While the Ambulance strike, Unison argues that industrial action is always a last resort, and the NHS is in crisis and without proper investment from the government it will only get worse.  We are living in the worst cost of living crisis for 30 years, as everyone’s struggling, with the government’s pay award amounting to just an extra 72 p an hour. And as for patient safety, the number of staff vacancies are at a record high and without enough staff, the NHS simply can not deliver safe and efficient care.  In a nutshell, Unison members simply want a pay rise that is a better match for inflation.   

Metropolitan Police 

With the recent scandal of domestic staff use in Little Venice, we must be mindful of Modern Day Slavery in Paddington particularly with migrant domestic workers. They are at more risk of abuse as they were kept outside of the Modern Slavery Act and thus a missed opportunity  to provide any legal protection for them.  

Saying this, l do know the Met Police Trafficking and Kidnap Unit works closing with NGO partners to encourage victims to formally report any allegations of servitude. A significant amount of work had taken place between the MPS and organisations that support domestic migrant workers to ensure they received appropriate help and support if exploited when l was previously at City Hall. So let’s make sure we send potential migrant domestic workers working under modern day slavery, are pointed to the right bit of the Met. 

Council Taxes for 2023/24 in West Central  

Westminster Band D households will pay £912 a year from April, an increase of £48 (predominantly from the GLA precept) for the financial year 2023/24. Nearby Hammersmith & Fulham Council, which has the third lowest average council tax bill in England, is upping the charge by 4.99%, meaning an average bill of £1,306.  

This will see a big investment in temporary housing, the lowest Band D council tax in the country & and free school meals form the centrepiece of Westminster City Council Budget to make for a fairer city for all in our City.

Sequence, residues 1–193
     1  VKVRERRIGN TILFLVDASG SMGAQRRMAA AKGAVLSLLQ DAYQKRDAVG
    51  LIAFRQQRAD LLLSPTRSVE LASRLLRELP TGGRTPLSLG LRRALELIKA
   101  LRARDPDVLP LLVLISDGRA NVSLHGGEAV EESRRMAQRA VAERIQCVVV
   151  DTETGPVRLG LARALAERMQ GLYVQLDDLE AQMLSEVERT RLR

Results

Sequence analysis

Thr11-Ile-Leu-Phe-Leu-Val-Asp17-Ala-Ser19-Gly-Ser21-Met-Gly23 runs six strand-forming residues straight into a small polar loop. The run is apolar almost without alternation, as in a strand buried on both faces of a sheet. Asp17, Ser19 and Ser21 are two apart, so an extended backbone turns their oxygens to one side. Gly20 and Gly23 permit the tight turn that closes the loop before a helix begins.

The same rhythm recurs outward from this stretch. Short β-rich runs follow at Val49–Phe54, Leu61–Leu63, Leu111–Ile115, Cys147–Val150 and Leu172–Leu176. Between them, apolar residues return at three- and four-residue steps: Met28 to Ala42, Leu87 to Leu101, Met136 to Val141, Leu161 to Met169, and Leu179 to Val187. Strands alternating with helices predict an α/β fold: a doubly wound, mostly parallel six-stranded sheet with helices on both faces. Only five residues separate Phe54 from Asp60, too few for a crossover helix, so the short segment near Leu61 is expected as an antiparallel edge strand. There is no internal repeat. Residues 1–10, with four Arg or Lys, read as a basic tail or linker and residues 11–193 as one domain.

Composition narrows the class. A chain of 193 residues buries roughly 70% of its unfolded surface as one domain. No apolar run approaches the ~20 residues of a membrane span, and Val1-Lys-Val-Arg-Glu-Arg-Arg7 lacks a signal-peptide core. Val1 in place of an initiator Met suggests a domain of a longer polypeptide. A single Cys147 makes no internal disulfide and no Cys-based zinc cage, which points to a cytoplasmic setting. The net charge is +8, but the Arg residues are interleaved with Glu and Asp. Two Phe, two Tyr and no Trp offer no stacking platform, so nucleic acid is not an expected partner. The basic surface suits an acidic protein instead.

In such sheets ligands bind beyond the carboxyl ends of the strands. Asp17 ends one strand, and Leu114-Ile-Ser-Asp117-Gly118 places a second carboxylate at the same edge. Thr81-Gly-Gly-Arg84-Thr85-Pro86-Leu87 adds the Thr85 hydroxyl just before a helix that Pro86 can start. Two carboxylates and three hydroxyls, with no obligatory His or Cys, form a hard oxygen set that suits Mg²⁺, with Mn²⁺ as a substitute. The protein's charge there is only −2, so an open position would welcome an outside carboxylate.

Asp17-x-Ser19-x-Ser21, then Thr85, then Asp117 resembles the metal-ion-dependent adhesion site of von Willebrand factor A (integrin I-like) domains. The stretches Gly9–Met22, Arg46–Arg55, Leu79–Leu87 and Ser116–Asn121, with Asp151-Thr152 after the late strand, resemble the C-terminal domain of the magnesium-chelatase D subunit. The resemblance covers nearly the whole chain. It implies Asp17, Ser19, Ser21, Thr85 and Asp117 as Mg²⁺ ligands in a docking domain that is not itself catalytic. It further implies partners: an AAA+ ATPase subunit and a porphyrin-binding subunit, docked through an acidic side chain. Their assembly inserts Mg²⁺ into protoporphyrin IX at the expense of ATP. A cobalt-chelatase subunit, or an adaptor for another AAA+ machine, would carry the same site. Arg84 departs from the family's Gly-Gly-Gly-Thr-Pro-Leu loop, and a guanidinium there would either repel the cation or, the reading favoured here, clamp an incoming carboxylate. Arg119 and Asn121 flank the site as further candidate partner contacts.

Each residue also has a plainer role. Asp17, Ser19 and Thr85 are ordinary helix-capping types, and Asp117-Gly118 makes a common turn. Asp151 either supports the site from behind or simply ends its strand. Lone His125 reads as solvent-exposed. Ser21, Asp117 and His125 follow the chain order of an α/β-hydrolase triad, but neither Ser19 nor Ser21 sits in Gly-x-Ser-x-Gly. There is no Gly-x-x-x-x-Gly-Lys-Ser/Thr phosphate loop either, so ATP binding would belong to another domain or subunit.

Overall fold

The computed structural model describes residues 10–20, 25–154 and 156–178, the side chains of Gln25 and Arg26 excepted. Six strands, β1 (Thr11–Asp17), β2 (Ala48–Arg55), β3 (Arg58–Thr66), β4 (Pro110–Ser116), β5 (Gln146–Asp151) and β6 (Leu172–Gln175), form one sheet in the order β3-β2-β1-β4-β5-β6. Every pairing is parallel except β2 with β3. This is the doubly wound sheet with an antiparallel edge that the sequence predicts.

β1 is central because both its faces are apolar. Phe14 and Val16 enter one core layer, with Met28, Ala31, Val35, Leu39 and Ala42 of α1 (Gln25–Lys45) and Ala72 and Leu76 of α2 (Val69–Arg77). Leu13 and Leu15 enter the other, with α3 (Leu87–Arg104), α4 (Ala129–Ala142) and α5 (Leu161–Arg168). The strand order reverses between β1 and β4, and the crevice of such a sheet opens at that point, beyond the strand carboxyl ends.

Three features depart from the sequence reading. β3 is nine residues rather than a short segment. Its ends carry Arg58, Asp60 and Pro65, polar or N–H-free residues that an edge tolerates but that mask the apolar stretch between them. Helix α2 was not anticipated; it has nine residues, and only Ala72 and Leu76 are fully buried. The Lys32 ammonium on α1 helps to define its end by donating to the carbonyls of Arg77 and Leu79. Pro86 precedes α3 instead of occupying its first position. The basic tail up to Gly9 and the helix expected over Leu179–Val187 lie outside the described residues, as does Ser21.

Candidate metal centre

While the Royal Borough of Kensington & Chelsea are similarly freezing their Council Tax like Westminster City Council but at a level already higher than either at Westminster or Hammersmith & Fulham.

Overdevelopment of old Paddington Green Police Station

Light Easement 

The overdevelopment of this site was drawn to my attention by the residents of the Princesses Louise Close, Winnicott House, Mary Adelaide House, 149 & 151 Church St, Paddington Green who’s HA landlord had given over their rights to light easement in the first phase of West End Gate development, to a previous developer. 

The further development of the site immediately South of West End Gate further takes away any light easement they may have left now, more so with the latest proposal of actually increasing the heights of the three towers on the Paddington Green Police station site, one even taller than the Landmark Tower. The above photo illustrates this well. 

The height and bulk of the proposal also affect the air and light easement to the East of the site, on the opposite side of the Edgware Rd, along Penfold Place & Corlett St, NW1, particularly affecting Miles Buildings which has some of the poorest private rented properties in the City maybe in the whole of Greater London. Please see the above photo again. 

Another area of concern relates to the quality of the accommodation being provided in terms of natural daylight and sunlight. A number of the affordable flats, especially those in the Western elevation of Block K and the East and West elevations of Block J, will have exceptionally low levels of light well below the BRE guidelines. Whilst it is recognised that the provision of recessed balconies will affect light levels to these flats, overall it is considered that these flats will have poor levels of light and outlook, and this is very disappointing given these are the affordable housing units. So in terms of the impact of the proposal on daylight and sunlight to existing neighbouring buildings and those also being raised by the revised proposal, I do not consider that the revisions have addressed the losses of daylight and sunlight to adjoining residents and consider that the increase in the height of the buildings has worsened the impact of the development overall, when compared to the 2021 scheme. So as to maintain my original objection on this ground.